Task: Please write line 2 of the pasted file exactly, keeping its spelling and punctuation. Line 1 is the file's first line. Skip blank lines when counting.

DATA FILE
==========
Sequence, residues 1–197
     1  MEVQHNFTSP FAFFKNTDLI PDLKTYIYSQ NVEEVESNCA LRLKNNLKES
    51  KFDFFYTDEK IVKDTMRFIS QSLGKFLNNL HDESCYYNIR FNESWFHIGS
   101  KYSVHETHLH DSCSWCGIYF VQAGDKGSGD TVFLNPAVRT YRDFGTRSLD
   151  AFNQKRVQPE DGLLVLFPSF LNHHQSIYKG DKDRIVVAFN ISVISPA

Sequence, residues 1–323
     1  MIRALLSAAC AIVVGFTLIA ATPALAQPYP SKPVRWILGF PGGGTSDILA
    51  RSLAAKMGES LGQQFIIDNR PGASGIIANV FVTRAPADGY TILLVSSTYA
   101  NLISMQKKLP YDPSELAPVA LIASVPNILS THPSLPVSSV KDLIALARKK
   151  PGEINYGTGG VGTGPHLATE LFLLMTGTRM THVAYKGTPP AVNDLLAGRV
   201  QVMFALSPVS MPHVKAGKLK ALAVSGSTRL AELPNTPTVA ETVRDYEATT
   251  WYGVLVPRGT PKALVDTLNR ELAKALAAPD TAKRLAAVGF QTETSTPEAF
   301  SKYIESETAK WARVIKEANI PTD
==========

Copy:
     1  MEVQHNFTSP FAFFKNTDLI PDLKTYIYSQ NVEEVESNCA LRLKNNLKES